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Lawrence in Arabia: War, Deceit, Imperial Folly and the Making of the Modern Middle East (Ala Notable Books for Adults) Hardcover – August 6, 2013
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Given the strategic importance of the Mid-East today, it is fascinating to read of the disproportionately large impact of some fairly low level functionaries in this "sideshow of a sideshow" (Lawrence's own words) in the run up to World War I. German academic and womanizer Curt Pruefer works to foment Arab jihad against British rule under the protection of Turkish rulers. Aaron Aaronsohn was a renowned agronomist and dedicated Zionist who gained the trust of the Ottoman governor by trying to relieve Syria of a plague of locusts. Twenty-seven year old American William Yale transitioned in a short eighteen months from roustabout duties in an Oklahoma oil field to Standard Oil's main agent charged with locating and securing oil in central Judea. Abdul-lah ibn Hussein is assigned by his father, Emir Hussein of Mecca, to sound out the British on supporting an Arab revolt in the Hejaz. Marching into history and legend was TE Lawrence who achieved the wholly unlikely transition from 21 year old archeologist in Syria in 1914 to head of a foreign Arab army in 1919, without a single day of military training.Read more ›
This volume gives an extensive, nearly blow by blow account of how Lawrence came to the Middle East, why he became attached to the war effort and, most importantly, what he did. Anderson also explores the lives and careers of others who influenced the war and to some extent the outcome, including the German academic Curt Prufer, the American oilman William Yale and the Romanian-Palestinian-Jewish agronomist Aaron Aaronsohn. What all of three of the men shared was that they were also at one point spies, and each of them was trying to play the conflict in the Ottoman Empire to achieve their own ends. To do that, all of them needed the mercurial Djemal Pasha, one of the leaders of the Young Turks, in one way or another.
Lawrence, however, is the star.Read more ›
A brief note about each. Lawrence began World War I on an archaeological expedition--and ended up as a celebrity. Prufer was a German who worked for German interests in the Middle East. Aaronsohn was a Zionist and an agronomist trying to enhance agriculture in Jewish areas. He also developed a spy network as World War I broke out. Yale was of the family after whom the college was named. He was, at the outset of WW I, an official for Standard Oil of New York (now Mobil) seeking access to lands that might be rich in oil. During the war, he became a representative of the United States' foreign policy apparatus.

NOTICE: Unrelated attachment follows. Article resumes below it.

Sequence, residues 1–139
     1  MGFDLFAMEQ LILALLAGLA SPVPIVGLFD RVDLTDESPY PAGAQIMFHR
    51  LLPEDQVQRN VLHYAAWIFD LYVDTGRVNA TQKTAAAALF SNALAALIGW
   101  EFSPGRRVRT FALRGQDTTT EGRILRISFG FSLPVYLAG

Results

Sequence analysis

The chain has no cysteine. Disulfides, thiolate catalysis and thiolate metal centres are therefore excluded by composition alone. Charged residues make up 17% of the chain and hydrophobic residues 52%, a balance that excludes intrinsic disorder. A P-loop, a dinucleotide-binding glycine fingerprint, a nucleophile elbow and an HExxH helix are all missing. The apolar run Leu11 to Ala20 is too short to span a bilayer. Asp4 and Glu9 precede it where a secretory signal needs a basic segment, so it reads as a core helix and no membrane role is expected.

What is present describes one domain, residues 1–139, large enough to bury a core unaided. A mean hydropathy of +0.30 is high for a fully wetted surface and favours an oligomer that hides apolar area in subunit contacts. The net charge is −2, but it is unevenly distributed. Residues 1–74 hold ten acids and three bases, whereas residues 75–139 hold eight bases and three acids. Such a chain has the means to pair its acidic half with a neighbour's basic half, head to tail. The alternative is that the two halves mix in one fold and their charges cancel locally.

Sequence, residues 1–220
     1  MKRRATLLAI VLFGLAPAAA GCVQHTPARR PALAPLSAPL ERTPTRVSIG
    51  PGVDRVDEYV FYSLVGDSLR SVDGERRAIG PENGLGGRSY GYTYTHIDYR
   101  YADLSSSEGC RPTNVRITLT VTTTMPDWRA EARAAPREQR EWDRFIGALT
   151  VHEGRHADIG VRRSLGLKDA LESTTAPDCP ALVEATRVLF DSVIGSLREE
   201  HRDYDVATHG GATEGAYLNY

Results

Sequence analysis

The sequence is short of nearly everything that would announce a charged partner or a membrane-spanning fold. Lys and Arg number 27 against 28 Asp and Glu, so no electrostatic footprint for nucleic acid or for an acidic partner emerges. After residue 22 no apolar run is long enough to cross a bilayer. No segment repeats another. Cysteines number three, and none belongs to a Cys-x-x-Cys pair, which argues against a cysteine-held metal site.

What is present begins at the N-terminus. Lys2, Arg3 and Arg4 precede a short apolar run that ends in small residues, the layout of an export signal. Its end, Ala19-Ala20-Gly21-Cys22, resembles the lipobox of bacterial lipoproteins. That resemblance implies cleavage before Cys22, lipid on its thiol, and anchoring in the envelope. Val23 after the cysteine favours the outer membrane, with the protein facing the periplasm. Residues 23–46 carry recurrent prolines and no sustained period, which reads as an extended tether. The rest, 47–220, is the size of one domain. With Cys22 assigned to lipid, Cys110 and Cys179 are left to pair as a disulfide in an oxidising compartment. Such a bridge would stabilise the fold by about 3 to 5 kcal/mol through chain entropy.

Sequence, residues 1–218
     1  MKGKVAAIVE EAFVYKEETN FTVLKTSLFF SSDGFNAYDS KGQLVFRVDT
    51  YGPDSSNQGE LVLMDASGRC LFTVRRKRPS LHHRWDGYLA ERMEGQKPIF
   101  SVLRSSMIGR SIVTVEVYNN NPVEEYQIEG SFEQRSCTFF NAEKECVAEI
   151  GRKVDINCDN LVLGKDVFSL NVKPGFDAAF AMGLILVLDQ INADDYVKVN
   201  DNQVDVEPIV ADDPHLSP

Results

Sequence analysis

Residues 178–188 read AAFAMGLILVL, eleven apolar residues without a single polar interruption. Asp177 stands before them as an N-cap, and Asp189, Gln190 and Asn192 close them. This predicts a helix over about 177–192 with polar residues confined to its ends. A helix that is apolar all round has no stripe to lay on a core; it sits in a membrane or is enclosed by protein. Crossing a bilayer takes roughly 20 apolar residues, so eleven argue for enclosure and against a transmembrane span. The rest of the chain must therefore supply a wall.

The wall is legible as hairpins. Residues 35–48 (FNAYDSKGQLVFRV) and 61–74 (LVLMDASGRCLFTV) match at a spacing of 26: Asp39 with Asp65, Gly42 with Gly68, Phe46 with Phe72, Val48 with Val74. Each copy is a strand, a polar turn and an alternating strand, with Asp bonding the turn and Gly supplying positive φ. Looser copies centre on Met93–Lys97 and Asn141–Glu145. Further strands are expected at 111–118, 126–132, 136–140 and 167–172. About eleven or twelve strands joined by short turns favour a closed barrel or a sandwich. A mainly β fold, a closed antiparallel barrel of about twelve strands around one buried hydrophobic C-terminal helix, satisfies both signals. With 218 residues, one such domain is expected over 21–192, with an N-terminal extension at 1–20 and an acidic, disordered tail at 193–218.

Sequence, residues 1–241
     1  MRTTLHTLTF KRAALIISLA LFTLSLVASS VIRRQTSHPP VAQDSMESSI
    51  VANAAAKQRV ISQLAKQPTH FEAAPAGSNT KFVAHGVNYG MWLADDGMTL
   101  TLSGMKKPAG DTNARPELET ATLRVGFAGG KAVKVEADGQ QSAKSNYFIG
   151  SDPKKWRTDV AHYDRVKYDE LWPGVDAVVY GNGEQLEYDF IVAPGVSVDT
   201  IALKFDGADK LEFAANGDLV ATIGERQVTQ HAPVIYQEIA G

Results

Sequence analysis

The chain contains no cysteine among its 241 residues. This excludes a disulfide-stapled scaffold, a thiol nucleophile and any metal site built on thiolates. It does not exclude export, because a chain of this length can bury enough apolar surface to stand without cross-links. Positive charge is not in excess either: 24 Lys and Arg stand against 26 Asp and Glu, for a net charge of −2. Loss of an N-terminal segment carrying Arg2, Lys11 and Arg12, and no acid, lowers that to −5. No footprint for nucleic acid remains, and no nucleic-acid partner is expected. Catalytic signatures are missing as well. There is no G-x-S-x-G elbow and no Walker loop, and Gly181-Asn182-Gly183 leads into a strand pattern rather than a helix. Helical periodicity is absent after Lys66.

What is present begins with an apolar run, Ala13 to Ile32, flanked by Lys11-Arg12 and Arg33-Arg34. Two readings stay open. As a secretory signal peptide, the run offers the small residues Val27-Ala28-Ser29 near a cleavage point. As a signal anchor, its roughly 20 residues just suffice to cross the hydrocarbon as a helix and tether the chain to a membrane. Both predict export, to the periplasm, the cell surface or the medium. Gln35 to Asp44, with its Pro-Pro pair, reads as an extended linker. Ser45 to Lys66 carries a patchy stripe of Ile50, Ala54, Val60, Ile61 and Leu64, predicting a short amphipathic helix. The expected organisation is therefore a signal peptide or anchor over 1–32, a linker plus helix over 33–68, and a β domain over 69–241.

The book provides considerable depth to each of these persons--but Lawrence is at the center. He is portrayed as somewhat enigmatic, someone who was almost a tragic character. While he fought for Arab independence, he knew of nefarious schemes by the English and French to be dominant forces in the Middle East after the war's end. He was a decent person who ended up tolerating acts of violence (such as watching as prisoners were killed after surrendering). The author suggests that, after a period of time at war, he became someone afflicted with Post traumatic stress disorder.
Aaronsohn, too, was an important figure. He tried to advance Zionist ideals and saw that working with Great Britain might be the best pathway. He developed an espionage network in the Middle East, with his sister as a key player.Read more ›
Most Recent Customer Reviews
Read this and you might know why the middle east is the way it is not really but it does help to figure all that out you need to start with the crusades but this is still a good... Read morePublished 1 day ago by CaptainGroovy
If you are concerned with the Middle East, Terrorism or want to really know why Muslims from the area have a good reason to dislike us, this is the book to understand why. Read morePublished 9 days ago by Geoff Isles
Well researched, compelling must read for those who want to understand the Middle EastPublished 11 days ago by Frank
very accurate and detailed ,perhaps too much to see rhe big picture.recommended for historians.Published 12 days ago by avner malkov
This book not only highlights Lawrence of Arabia, but it also follows a German spymaster, the only US intelligence agent in the Middle East during WW! Read morePublished 14 days ago by J. Zartman
I loved this book was a real treat to read and put the MID EAST into perspective of how the western world messed it up.Published 16 days ago by Herbert C. Stoops
Review of ‘Lawrence in Arabia’ by Scott Anderson.
As someone familiar with T.E. Lawrence and his works, I was quickly drawn into the little known associations he had with... Read more
A very informative book about the time, the place, and the people. It makes it pretty easy to see how seeds of resentment in the region were planted by western imperialism, i. Read morePublished 23 days ago by Bucky Badger